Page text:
Dordogne with Headwater Holidays, France
When is independent travel not independent? It’s a riddle that I have pondered for the past week as I have made by way through France’s Dordogne region.
This isn’t a usual trip for me. These days, I tend to do very disorganised travel on my own where nothing is booked in advance, or very structured trips that are designed to maximise content for this blog.
This French experience is neither. But I like it.
Let me explain. The trip has been put together by Headwater Holidays, which is celebrating 30 years of operation this year. It specialises in ‘active holidays’ – so things like hiking, cycling or kayaking.
But Headwater takes out all the hassle of organising the logistics yourself. It has determined the best routes to take each day, has booked the hotels, and even transports the bags between accommodation while you’re out exploring the countryside.
As I walk along one morning, the trees thin and suddenly I can see a chateau up on the top of a hill. It’s a large grand building that seems to morph into the town that stretches down the slope beneath it. The settlement stops when it hits a river in the valley.
I had been expecting this sight at some point because the piece of paper I’m holding mentions it. This paper is important today. It has the instructions for the suggested walking route to get to my next hotel.
I’m on my own and could go any route I wanted but this has been chosen by Headwater as the most scenic and safest path – not necessarily the most direct. The step by step instructions are easy enough to follow.
Although the exact route is up to me, the destination is not. Not long after I started walking today, my baggage would have been picked up from the previous hotel by the Headwater reps. By the time I arrive at my next accommodation, it will be waiting for me in my room.
But there’s no need to arrive at any particular time. If I decide to have a long lunch somewhere or go on a detour to explore something else, it has no effect on anyone else’s plans.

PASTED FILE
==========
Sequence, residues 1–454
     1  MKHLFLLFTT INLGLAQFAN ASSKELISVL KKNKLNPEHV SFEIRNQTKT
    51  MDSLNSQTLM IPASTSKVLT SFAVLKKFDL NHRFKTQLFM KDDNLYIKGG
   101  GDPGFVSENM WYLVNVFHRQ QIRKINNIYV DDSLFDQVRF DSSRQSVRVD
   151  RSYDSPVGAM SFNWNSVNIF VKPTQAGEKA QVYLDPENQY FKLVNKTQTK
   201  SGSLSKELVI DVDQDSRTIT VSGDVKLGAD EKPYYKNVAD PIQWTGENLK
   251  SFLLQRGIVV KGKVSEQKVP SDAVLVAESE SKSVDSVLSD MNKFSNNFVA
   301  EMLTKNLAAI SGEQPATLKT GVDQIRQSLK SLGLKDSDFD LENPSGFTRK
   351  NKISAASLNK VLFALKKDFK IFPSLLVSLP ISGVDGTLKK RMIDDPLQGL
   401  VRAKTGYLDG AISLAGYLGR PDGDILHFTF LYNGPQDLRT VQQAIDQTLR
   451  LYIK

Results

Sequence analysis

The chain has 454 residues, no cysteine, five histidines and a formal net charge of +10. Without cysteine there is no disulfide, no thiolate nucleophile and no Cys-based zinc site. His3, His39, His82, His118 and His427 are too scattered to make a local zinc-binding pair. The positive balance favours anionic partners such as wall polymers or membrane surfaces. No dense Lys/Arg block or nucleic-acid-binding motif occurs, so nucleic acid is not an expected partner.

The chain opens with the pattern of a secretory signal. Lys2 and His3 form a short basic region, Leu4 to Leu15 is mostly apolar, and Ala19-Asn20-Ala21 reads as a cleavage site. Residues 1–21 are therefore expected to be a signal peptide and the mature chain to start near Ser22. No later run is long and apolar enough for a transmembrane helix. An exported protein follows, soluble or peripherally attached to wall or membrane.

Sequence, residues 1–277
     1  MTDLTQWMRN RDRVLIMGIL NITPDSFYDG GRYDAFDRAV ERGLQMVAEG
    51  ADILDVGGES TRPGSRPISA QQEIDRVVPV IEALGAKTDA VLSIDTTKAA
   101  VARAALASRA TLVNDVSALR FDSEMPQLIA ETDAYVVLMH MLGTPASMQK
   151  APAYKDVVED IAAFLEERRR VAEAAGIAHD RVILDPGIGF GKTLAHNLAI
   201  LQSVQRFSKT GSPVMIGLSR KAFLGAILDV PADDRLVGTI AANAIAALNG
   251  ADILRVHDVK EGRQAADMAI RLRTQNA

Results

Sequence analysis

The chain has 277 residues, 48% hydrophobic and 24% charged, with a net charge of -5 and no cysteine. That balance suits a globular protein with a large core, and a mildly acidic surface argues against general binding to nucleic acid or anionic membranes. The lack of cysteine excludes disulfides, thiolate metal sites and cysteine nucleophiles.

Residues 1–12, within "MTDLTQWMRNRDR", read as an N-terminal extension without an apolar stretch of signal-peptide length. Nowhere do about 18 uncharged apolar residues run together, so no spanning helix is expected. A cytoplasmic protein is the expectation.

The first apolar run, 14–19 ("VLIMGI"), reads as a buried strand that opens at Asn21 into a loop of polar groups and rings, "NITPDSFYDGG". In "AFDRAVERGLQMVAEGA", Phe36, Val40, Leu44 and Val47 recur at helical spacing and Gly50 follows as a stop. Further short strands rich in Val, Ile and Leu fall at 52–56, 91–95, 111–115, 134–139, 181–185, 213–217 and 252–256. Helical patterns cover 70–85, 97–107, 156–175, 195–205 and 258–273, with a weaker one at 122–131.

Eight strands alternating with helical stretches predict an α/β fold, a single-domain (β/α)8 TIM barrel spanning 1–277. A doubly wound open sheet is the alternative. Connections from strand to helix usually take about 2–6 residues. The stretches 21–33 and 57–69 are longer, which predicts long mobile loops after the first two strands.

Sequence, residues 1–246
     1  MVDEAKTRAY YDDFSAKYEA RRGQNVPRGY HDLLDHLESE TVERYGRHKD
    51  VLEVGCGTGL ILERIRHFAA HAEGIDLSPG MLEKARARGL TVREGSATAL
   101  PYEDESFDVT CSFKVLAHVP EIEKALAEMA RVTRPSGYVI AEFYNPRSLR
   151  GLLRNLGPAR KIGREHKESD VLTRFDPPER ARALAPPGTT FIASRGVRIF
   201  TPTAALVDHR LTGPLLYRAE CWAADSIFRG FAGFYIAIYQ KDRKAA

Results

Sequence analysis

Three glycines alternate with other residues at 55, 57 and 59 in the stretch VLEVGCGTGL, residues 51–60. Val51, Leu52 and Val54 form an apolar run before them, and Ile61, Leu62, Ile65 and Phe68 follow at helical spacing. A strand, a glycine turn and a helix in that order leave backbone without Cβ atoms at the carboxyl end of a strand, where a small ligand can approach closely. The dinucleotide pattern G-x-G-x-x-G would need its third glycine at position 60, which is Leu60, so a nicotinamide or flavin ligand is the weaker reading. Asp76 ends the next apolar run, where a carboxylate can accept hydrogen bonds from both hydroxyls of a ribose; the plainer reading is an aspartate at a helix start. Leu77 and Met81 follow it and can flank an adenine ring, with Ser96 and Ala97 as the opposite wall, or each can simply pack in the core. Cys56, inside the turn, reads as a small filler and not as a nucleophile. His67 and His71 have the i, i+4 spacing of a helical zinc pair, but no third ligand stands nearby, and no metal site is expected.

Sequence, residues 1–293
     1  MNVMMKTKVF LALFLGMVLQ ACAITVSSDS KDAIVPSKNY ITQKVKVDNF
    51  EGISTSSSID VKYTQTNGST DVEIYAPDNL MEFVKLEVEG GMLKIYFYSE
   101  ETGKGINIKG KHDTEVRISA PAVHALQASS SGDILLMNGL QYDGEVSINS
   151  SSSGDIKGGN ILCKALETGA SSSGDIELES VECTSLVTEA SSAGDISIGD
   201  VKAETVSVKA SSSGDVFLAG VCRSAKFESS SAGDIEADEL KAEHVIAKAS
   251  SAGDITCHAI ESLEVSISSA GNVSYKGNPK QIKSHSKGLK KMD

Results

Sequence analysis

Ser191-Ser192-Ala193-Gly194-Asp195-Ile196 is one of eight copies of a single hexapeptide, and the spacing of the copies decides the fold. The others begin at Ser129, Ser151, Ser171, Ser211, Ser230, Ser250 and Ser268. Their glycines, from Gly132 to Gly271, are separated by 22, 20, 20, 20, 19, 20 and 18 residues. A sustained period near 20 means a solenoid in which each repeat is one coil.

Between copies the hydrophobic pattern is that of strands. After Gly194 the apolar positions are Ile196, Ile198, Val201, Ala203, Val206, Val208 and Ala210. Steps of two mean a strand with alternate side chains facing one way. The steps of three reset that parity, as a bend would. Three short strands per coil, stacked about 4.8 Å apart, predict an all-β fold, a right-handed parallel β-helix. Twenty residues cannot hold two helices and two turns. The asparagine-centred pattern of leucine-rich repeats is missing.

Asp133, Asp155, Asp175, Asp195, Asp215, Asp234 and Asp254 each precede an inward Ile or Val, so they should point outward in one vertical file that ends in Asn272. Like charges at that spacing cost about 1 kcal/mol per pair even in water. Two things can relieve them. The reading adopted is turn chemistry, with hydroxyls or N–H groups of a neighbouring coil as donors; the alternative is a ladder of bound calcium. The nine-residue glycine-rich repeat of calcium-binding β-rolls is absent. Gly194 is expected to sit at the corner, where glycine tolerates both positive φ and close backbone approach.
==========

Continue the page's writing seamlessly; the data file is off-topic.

Most people who do one of Headwater’s trips do about a week or cycling, or of walking, or of kayaking. But I’m trying one of their new trips here around Dordogne, which is a mixture of all three activities.
While guests who do just one activity will probably only see the Headwater reps at the beginning and end (unless there are any problems), I get to see mine a few times as they kit me out with the bike or the kayak, for example.
I like being able to do a bit of everything and it keeps the week interesting. Although I love walking, it’s nice to have a day when I use the bike to go a bit further and explore the area around Rocamadour.
But another day, when I have the option of doing either, I decide in the morning to walk and the Headwater reps just move my bike to the next hotel for me, along with my bags.
It’s all sounding pretty good, isn’t it? Well, that’s because it is and I am so impressed with the whole organisation of the trip.
A couple of weeks before I set off, I got sent a package with my plane tickets, train tickets, maps, itinerary and guidebook. I felt like I was going on my own trip – not a packaged tour – yet didn’t have to organise a thing.
But, to make sure I give you a balanced view of a Headwater trip, let’s have a look at any potential issues.